A new breed of mobile wireless device lacks a battery or other energy storage, but it can still send data over Wi-Fi. These prototype gadgets, developed by researchers at the University of Washington, get all the power they need by making use of the Wi-Fi, TV, radio, and cellular signals that are already in the air.
The technology could free engineers to extend the tendrils of the Internet and computers into corners of the world they don’t currently reach. Battery-free devices that can communicate could make it much cheaper and easier to widely deploy sensors inside homes to take control of heating and other services.
Smart thermostats on the market today, such as the Nest, are limited by the fact that they can sense temperature only in their immediate location. Putting low-cost, Wi-Fi-capable, and battery-free sensors behind couches and cabinets could provide the detailed data needed to make such thermostats more effective. “You could throw these things wherever you want and never have to think about them again,” says Shyam Gollakota, an assistant professor at the University of Washington who worked on the project.
The battery-free Wi-Fi devices are an upgrade to a design the same group demonstrated last year—those devices could only talk to other devices like themselves (see “Devices Connect with Borrowed TV Signals and Need No Power Source”). Versions were built that could power LEDs, motion detectors, accelerometers, and touch-sensitive buttons.
Adding Wi-Fi capabilities makes the devices more practical. Gollakota hopes to establish a company to commercialize the technology, which should also be applicable to other wireless protocols, such as Zigbee or Bluetooth, that are used in compact devices without access to wired power sources, he says. A paper on the new devices will be presented at the ACM Sigcomm conference in Chicago in August.
Engineers have worked for decades on ways to generate power by harvesting radio signals from the air, a ubiquitous resource thanks to radio, TV, and cellular network transmitters. But although enough energy can be collected that way to run low-powered circuits, the power required to actively transmit data is significantly higher. Harvesting ambient radio waves can collect on the order of tens of microwatts of power. But sending data over Wi-Fi requires at least tens of thousands of times more power—hundreds of milliwatts at best and typically around one watt of power, says Gollakota.
The Washington researchers got around that challenge by finding a way to have the devices communicate without having to actively transmit. Their devices send messages by scattering signals from other sources—they recycle existing radio waves instead of expending energy to generate their own.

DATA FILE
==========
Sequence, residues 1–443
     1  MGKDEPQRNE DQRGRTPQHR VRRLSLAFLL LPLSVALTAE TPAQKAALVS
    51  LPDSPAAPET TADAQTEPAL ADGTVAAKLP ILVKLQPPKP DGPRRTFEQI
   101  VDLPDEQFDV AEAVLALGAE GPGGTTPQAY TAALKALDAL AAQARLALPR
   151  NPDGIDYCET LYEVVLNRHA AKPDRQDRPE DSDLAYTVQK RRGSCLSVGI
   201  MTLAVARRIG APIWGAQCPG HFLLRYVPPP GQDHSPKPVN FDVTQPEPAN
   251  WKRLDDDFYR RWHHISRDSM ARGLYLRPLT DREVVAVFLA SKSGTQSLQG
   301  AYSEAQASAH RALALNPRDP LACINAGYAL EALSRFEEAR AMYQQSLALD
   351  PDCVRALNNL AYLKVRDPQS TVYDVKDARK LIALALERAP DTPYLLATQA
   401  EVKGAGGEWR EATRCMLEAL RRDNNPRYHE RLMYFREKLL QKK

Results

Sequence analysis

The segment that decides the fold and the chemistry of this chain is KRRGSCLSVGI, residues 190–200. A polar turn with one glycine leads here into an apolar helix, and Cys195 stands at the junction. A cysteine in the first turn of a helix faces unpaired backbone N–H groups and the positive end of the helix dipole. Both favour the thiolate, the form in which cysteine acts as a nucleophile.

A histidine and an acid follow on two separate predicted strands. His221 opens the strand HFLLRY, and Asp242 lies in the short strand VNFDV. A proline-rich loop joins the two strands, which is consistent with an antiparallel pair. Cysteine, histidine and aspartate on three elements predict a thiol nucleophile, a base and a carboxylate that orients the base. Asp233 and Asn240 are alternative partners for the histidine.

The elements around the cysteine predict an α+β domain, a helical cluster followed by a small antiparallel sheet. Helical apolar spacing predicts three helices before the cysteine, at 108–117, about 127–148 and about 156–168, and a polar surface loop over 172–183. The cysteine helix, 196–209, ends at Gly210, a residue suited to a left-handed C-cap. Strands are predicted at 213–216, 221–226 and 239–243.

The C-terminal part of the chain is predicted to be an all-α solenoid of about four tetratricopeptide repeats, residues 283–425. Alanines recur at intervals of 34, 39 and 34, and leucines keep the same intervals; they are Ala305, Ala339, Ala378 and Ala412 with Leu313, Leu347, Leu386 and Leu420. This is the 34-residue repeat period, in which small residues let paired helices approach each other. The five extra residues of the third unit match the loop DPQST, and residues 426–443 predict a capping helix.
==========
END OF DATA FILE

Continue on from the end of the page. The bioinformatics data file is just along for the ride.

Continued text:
To send data to a smartphone, for example, one of the new prototypes switches its antenna back and forth between modes that absorb and reflect the signal from a nearby Wi-Fi router. Software installed on the phone allows it to read that signal by observing the changing strength of the signal it detects from that same router as the battery-free device soaks some of it up.
The battery-free Wi-Fi devices can’t harvest enough energy to receive and decode Wi-Fi signals in the conventional way. But they can detect the presence of the individual units, or “packets,” that make up a Wi-Fi transmission. To send data to the battery-free device, a conventional Wi-Fi device sends a specific burst of packets that lets the receiving device know it should listen for a transmission. The data is then is encoded in a stream of further packets with gaps interspersed between them. Each packet signals a 1 and each gap a 0 of the digital message.
Ranveer Chandra, a senior researcher in mobile computing at Microsoft Research, says the technology could help accelerate dreams of being able to deploy cheap, networked devices that have been slow to arrive. “Given the prevalence of Wi-Fi, this provides a great way to get low-power Internet of things devices to communicate with a large swath of devices around us,” he says. RFID tags, which also lack batteries, are the closest technology in use today, says Chandra. But they can only communicate with specialized reader devices, he says. The Washington approach fits better with existing infrastructure.
However, increasing the range of the system will be important for it to be widely useful, notes Chandra. The upcoming paper on the technology reports a range of only 65 centimeters, which barely spans a small table, let alone a single room in a house. Gollakota says that in recent, still unpublished experiments, the range has been extended to just over two meters, and 10 meters and beyond should be possible.